Academic journal article Applied Health Economics and Health Policy

Aversion to Geographic Inequality and Geographic Variation in Preferences in the Context of Healthcare

Academic journal article Applied Health Economics and Health Policy

Aversion to Geographic Inequality and Geographic Variation in Preferences in the Context of Healthcare

Article excerpt

Background

Priority setting and rationing decisions are ubiquitous features of healthcare policy making around the world. The allocation of scarce resources has increasingly led to situations in which decision makers have to make explicit choices between providing healthcare to one group of patients at the cost of care to a different group of patients. Which group is given priority might, however, depend on the criteria used to support such decisions. This has motivated a more open and wider debate about the diverse criteria that may guide healthcare resource allocation. At the same time, there is a growing recognition that these decisions are as much about social value judgements as they are about understanding the medical information.[1] Thus, it is now widely accepted that preferences held by the general public have a role to play in terms of resource allocation decisions. One of the conclusions of a recent report about the use of health technology assessment in the EU[2] is precisely that the views and preferences of the ultimate end-users of a given technology should be taken into account more often.

The debate about the principles guiding resource allocation is very broad, and there is an immense amount of literature about social justice already applied in the context of health and healthcare (for reviews see, for example, Williams and Cookson[3] and Cookson and Dolan[4]). A possible distinction is that between principles of substantive justice (which are about determining who should get what healthcare and when) and procedural justice (which are about what decision-making process should be followed). In the case of substantive justice, the three principles most relevant to the context of healthcare are (i) maximizing principles (in this case, healthcare should be distributed in order to achieve the maximum 'benefit'); (ii) egalitarian principles (healthcare should be distributed with the aim of reducing 'inequality'); and (iii) need principles (the distribution of healthcare should be proportional to 'need'). Depending on how 'benefit', 'inequality' and 'need' are defined, further variants of principles might be identified.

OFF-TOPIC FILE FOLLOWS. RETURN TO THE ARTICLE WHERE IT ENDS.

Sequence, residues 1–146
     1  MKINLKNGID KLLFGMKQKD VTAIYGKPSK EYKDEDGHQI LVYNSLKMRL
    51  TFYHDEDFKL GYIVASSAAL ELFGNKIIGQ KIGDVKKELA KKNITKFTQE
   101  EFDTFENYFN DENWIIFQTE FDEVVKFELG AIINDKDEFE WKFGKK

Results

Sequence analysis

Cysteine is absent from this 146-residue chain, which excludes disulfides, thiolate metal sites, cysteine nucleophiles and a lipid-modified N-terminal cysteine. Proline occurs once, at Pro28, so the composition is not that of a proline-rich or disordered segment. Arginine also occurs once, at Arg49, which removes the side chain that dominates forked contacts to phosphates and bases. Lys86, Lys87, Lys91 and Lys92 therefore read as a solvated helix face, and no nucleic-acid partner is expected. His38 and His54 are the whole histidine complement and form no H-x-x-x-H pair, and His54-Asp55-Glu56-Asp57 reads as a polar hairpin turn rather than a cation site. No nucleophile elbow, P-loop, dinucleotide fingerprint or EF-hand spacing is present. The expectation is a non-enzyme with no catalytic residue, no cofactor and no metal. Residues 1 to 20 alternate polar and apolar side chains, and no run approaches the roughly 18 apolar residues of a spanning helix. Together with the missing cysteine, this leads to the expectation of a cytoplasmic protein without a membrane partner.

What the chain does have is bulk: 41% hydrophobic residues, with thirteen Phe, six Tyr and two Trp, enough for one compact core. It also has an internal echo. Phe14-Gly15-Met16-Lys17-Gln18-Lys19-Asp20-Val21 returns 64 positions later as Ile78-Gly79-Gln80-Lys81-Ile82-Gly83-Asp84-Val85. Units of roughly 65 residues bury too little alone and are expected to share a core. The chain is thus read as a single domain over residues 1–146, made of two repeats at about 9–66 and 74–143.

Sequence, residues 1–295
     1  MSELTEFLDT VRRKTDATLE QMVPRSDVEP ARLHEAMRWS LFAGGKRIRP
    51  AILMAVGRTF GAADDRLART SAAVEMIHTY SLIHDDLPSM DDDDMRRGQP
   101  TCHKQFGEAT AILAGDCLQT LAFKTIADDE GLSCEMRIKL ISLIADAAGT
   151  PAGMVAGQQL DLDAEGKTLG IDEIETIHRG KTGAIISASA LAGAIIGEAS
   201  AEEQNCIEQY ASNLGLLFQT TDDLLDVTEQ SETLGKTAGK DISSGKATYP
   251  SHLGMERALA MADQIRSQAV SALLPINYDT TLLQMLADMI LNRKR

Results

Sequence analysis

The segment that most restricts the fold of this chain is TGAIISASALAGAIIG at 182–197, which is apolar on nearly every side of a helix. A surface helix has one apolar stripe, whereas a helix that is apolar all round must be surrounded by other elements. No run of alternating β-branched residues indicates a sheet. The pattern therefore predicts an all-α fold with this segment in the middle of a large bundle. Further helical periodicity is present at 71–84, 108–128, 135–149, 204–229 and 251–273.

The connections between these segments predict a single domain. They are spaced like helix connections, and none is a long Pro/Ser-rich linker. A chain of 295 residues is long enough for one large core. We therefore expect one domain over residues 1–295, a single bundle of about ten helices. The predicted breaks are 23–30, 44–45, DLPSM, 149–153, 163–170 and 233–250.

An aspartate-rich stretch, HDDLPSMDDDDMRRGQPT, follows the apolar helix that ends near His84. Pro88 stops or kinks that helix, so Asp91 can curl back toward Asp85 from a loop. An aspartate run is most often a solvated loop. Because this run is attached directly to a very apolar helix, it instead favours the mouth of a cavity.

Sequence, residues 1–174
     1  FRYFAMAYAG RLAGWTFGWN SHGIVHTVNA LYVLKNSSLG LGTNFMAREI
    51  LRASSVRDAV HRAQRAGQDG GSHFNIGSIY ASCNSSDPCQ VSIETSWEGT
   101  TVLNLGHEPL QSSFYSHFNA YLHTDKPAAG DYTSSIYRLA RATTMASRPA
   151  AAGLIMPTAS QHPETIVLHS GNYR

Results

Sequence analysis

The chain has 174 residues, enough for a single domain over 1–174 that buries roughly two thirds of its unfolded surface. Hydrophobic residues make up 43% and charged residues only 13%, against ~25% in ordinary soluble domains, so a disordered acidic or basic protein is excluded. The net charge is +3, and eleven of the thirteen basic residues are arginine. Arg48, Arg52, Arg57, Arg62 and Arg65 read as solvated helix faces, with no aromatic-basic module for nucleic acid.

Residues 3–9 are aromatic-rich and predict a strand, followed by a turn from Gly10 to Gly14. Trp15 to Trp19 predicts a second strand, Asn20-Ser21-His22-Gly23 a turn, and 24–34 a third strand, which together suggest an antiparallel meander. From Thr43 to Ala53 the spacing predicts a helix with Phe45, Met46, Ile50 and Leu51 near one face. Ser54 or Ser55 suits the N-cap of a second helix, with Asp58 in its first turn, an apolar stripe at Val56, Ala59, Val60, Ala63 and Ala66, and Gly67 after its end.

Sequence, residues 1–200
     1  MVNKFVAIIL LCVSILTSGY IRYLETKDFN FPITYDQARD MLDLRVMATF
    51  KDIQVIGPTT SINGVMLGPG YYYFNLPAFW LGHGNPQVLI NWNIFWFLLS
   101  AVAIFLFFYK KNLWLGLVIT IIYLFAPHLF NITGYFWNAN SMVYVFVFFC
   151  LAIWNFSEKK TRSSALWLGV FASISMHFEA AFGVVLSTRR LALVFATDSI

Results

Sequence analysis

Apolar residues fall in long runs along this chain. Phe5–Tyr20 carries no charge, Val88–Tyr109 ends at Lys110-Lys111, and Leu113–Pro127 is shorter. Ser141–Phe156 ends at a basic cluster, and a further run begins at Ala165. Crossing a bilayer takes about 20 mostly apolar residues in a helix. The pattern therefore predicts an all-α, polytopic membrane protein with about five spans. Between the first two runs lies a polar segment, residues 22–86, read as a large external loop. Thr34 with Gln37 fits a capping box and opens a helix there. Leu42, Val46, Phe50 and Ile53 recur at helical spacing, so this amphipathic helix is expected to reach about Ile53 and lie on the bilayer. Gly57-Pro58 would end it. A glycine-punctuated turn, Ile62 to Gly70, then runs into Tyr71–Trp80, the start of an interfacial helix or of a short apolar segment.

Trade-offs among different principles have also been explored. Cookson and Dolan,[4] for example, said that most authors who defend egalitarian principles would not in fact pursue equality as a sole objective, but would rather combine equality with other goals. In this respect, health maximization and equality of health is probably the most popular pair of objectives, and the trade-off between them has been discussed[1,3,5] since the seminal paper by Adam Wagstaff.[6]

Empirical studies reporting on preferences, in the context of healthcare, have sought to determine if and to what extent people support the above principles. Several issues have so far been addressed by these studies, including aversion to inequalities. Aversion to health inequality per se might be studied on its own,[7] but inequalities have also been defined by reference to, for example, socioeconomic groups[1,5,8,9] and sex.[7] However, aversion to geographic inequalities has been given little attention in the empirical health economics literature. This is somewhat surprising considering that in many countries, at some point, resources are distributed among geographic areas and that there has been some public discontent over geographic disparities, such as the phenomenon that became known in England as the 'postcode lottery'.1

This paper thus aims to contribute to the empirical literature about preferences by reporting on a pilot study designed to explore some tools and methods to elicit the preferences of the general public regarding the criteria of health gain maximization versus geographic equality in the distribution of health gain, while providing some indicative results.

The second issue addressed in this paper is related to variation in preferences across geographic areas. This is particularly pertinent in contexts of decentralization. …

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